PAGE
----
Microsoft Xbox 360 Controller
Microsoft's first venture into the console business with the Xbox was a learning experience for the company, and there's no greater evidence than the evolution of the system's controller. The original Xbox controller was an oversize mess, with oddly shaped and placed buttons. Roughly halfway through the console's run, the original controller was replaced with the Controller S, the smaller alternative created for the Japanese launch. Heralded as one of the best controllers ever created, Xbox fans wondered how Microsoft could improve upon its design as it set out to create the official controller for the Xbox 360. Here's the answer.
Carrying a retail price of for $40--or only $10 less than the Xbox 360 wireless controller--the Xbox 360 Controller is currently available in only one color, and it plugs in via the console's USB port. The controller's cable measures in at nine feet and has a breakaway component that keeps the console from falling if someone trips on the wire. The USB connection poses a problem; the system has only three USB ports, one of which is on the back of the console. In order to hook up four controllers (the maximum allowed by the system), at least one has to be wireless.
The Xbox 360 Controller borrows many design elements from the Controller S. The left and right analog sticks and triggers, the control pad, and the face buttons are in the same spots, constructed rather similarly. The start and Back buttons have been moved to the center, flanking the new guide button, which allows access to your gamer card at any time. Removed from the older controller are the black and white buttons, which were awkwardly placed below the face buttons. Taking their place are the left and right bumpers, which make their home on the top of the controller in front of the triggers. The slight changes have resulted in a nearly perfect design; not only is the controller great for 360 games, but you may just prefer the new layout for the backward-compatible Xbox1 titles, as the bumpers are better located than the black and white buttons.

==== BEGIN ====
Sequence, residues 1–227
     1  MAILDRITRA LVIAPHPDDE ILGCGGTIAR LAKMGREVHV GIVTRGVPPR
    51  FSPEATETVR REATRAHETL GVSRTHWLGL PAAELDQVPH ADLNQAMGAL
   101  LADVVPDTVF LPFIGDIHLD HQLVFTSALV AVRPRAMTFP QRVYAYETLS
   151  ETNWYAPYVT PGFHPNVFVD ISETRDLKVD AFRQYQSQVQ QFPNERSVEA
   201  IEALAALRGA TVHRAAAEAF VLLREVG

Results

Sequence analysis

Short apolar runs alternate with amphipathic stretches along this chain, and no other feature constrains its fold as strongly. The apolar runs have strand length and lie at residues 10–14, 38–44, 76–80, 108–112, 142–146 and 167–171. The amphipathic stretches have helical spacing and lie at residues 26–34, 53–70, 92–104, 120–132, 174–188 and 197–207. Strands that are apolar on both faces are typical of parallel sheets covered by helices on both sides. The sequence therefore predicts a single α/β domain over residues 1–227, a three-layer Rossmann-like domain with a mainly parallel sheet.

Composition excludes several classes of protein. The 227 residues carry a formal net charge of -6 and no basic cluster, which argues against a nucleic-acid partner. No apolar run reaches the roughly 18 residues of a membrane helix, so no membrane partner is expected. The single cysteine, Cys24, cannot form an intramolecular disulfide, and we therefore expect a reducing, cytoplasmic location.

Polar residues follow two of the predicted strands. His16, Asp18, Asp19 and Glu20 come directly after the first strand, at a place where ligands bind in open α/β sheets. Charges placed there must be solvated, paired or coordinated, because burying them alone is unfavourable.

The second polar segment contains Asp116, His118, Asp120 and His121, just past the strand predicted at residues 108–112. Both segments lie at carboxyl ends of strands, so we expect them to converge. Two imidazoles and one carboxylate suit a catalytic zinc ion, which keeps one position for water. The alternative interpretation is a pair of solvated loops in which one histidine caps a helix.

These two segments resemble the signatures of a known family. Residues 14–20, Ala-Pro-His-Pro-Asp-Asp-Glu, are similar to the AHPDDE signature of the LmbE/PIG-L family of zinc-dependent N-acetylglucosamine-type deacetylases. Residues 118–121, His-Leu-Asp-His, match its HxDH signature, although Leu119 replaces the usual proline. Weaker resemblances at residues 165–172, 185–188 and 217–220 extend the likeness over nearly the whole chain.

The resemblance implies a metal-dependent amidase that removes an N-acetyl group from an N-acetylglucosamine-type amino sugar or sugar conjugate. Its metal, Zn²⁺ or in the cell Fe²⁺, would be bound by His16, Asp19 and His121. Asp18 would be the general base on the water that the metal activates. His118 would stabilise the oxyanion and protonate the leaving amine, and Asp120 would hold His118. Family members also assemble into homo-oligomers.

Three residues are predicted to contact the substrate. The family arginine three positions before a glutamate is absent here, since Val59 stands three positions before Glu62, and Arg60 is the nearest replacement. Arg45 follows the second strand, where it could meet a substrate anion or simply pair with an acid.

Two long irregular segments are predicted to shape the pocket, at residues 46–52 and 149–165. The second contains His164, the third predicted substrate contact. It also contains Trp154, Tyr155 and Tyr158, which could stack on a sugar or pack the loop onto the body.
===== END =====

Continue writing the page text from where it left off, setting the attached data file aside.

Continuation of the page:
On the bottom of the controller is a headset input. You can plug in any headset with a 2.5mm jack (standard for cell phone headsets), but the input is form-fitted to accept the Xbox 360 Headset, which has built-in volume and mute buttons. Compared to the wireless controller, this model is slightly lighter and less bulky due to the absence of a battery pack at the back of the controller.
The performance of the Xbox 360 Controller on the console is phenomenal, with instantaneous response time. The controller syncs with the system much faster than the wireless controller, and the force feedback is a bit stronger. On the PC, the controller performs more than admirably. Once you download the software from Microsoft's official site, the controller will work with any controller-compatible game. As long as the game you're playing allows you to customize button usage (most do), the controller ranks among the best available for the PC. Games specifically designed to work with the controller can also make use of the headset input and the force feedback.
The Xbox 360 Controller is one of the best-designed and best-performing controllers on the market. If you're looking for faults, you might argue the controller lacks any startling new features--especially in comparison to the motion-based controllers for the upcoming Nintendo Wii and Sony PlayStation 3--which may hinder true game design innovations. And you might also say the controller's about $10 too expensive. Overpriced or not, however, it serves as a great third (or fourth) Xbox 360 controller and, when called upon, fills in nicely as a PC gaming controller.